Tuesday, March 29, 2011
What's All the Fuss About Polyglan? by Dr. Laura Fontana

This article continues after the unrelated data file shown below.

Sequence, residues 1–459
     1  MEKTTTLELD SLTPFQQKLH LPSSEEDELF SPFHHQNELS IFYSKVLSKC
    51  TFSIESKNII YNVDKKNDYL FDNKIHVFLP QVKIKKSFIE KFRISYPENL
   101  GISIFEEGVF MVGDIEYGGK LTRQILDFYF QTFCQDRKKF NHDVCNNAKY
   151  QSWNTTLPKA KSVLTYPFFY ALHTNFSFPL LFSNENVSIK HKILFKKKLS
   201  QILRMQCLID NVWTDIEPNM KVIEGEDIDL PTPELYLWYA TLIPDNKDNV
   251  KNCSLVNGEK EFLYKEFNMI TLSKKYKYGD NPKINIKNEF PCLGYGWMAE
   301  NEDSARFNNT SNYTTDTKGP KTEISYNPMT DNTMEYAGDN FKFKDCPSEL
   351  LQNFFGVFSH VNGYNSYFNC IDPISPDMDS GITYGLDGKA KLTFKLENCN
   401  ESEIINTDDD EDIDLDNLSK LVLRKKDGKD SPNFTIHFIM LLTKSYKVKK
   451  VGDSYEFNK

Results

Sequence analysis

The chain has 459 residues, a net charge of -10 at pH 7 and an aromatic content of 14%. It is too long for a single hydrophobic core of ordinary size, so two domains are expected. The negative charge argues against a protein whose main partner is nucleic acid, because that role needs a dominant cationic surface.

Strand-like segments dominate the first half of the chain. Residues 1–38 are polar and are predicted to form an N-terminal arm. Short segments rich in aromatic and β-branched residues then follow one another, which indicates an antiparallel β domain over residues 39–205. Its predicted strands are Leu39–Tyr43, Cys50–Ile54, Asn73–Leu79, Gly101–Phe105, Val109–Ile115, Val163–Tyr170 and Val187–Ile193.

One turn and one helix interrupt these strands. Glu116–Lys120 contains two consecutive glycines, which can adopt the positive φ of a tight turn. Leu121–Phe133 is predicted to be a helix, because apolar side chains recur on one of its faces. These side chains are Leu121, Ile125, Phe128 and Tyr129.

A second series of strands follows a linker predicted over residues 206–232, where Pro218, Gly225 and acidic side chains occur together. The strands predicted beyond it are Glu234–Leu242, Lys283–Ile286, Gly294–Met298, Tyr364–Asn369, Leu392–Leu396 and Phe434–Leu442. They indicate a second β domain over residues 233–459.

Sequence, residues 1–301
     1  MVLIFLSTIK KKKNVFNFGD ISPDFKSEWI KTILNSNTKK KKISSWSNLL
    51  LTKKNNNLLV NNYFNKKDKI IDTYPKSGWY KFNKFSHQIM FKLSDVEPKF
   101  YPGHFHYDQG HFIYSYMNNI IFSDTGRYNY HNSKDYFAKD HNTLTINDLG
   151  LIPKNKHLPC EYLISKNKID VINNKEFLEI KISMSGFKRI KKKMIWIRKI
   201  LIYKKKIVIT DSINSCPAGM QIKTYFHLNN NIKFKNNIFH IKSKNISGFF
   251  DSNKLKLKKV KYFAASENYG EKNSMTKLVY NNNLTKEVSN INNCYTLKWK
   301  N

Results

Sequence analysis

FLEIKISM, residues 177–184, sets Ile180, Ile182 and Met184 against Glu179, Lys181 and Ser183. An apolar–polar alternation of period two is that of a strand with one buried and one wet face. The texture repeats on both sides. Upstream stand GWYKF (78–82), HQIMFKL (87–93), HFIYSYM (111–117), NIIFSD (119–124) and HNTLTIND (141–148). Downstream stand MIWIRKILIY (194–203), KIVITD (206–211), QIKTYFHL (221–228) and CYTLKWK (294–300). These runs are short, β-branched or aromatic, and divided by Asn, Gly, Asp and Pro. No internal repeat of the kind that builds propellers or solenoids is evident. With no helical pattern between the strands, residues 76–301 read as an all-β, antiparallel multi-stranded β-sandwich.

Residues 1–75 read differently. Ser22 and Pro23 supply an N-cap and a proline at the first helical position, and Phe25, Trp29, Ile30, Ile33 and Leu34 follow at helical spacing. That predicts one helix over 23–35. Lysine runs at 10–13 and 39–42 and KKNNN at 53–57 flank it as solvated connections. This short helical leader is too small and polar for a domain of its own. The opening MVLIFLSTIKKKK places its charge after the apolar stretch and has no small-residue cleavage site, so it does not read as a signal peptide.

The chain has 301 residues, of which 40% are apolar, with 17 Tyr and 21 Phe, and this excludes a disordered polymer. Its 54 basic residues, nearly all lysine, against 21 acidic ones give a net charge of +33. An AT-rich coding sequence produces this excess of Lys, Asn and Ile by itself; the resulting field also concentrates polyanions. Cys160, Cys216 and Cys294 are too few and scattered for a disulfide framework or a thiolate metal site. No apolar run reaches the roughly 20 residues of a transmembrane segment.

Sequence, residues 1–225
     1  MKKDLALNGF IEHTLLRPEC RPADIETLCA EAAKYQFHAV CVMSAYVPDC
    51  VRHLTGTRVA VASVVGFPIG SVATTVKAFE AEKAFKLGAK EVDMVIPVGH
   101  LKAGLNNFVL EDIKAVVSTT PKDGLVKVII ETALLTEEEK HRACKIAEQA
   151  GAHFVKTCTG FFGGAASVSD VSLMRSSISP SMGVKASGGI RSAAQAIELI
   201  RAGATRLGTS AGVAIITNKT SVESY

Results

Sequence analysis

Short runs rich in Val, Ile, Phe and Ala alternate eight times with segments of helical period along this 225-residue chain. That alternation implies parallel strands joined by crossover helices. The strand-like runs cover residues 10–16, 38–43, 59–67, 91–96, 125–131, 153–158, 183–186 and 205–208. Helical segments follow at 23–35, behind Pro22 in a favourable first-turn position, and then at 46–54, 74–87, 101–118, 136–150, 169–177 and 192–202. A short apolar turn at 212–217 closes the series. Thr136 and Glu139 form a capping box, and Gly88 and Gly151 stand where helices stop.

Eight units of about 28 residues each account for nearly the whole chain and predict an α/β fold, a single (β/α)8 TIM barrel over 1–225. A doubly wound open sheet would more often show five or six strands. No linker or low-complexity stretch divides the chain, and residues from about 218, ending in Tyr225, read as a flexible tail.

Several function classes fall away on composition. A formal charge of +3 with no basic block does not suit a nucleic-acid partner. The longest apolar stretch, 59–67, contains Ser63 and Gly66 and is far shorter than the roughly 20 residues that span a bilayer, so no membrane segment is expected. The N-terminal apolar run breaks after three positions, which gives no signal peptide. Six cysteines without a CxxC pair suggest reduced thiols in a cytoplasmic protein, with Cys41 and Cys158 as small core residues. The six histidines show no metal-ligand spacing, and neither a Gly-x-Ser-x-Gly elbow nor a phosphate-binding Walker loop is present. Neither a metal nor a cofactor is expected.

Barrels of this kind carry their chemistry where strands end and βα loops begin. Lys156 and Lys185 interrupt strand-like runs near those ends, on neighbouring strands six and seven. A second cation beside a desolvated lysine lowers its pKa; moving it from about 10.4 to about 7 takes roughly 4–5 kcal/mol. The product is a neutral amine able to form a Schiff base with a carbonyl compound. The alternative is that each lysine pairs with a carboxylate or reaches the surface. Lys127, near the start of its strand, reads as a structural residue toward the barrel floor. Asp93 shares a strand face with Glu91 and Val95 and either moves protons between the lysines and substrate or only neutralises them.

Polyglcan is a commercially available patented formulation that is labeled for post-surgical joint lavage and joint fluid replacement. This solution is comprised of 3 fractions: hyaluronic acid, sodium chondroitin sulfate, and N-acetyl-D-glucosamine. These 3 fractions are all naturally occurring components of synovia and are instrumental in maintaining joint health. Before discussing the efficacy of this compound, let's review the specific function and independent use of these 3 constituents. Hyaluronan (hyaluronic acid or HA) is a normal joint fluid and cartilage constituent with anti-inflammatory effects as well as joint lubrication and protection properties (1). In equine practice, intra-articular and intravenous administration of HA (Legend) is commonly employed for the treatment of synovitis and osteoarthritis, and intravenous Legend is also used prophylactically. In fact, Legend is the only FDA-approved joint therapy labeled for both intravenous and intra-articular treatment of non-infectious synovitis. Chondroitin sulfate belongs to a class known as polysulfated glycosaminoglycans (PSGAGs), which are an important element of the extracellular matrix of articular (joint) cartilage. Included in this class is Adequan, which is made from cow lung and trachea extracts primarily containing chondroitin sulfate. Adequan and other drugs in this class have been referred to as chondroprotective, or more recently, as slow-acting disease modifying osteoarthritic drugs (SAMOAD) intended to preclude, slow, or revers the cartilaginous lesion of OA (2). Adequan is used intramuscularly, and like HA (Legend), it is also used intra-articularly in equine practice. Glucosamine is a precursor to the disaccharides (sugars) found in aggregan, a molecule that comprises a substantial portion of the extracellular cartilage matrix. Many equine oral joint supplements contain glucosamine as well as chondroitin. The objective of combining hyaluronic acid, chondroitin sulfate, and glucosamine (as Polyglycan), all of which have long been administered independently by a variety of methods, is to create a safe and efficacious product for intravenous and intra-articular use in horse to promote joint health. But, is this combination effective? Frisbie et al (2009) (3) conducted a study to assess intravenous and intra-articular Polyglycan for the treatment of osteoarthritis in horses. The authors concluded that intra-articular Polyglycan (when given once every 7 days for a total of 4 treatments) significantly improved lameness and disease progression in horses, as evidenced by improved lameness scores, decreased radiographic evidence of osteoarthritis, and improved cartilage. In contrast, the intravenous Polyglycan treated horses (which received a dose every 5th day for a total of 14 treatments) showed no improvement in lameness scores and increased radiographic evidence of osteoarthritis. These findings do not support intravenous use of Polyglycan, and suggest that intravenous use may in fact be counterproductive. At this time, and until more studies are performed, continued use of FDA-approved products labeled for intravenous and intra-articular treatment of osteoarthritis is indicated. (1) Frisbie DD, Kawcak CE, McIlwraith CW, et al. Evaluation of polysulfated glycosaminoglycan or sodium hualuronan administered intra-articularly for treatment of horses with experimentally induced osteoarthritis. Am J Vet Res 2009; 70:203 - 209. (2) Section XII, Musculoskeletal System in Equine Surgery 3rd edition. 2005. Jorg Auer and John Stick eds. WB Saunders. Pp 1055 - 73. (3) Frisbie DD, Kawcak CE, McIlwraith CW, Werpy MW. Assessment of intravenous or intra-articular hyaluronic acid, condroitin sulfate and N-acetyl-D-glucosamine in treatment of osteoarthritis using an equine experimental model. Presented at : 55th Annual AAEP Convention; Decemeber 5 - 9: Las Vegas, NV.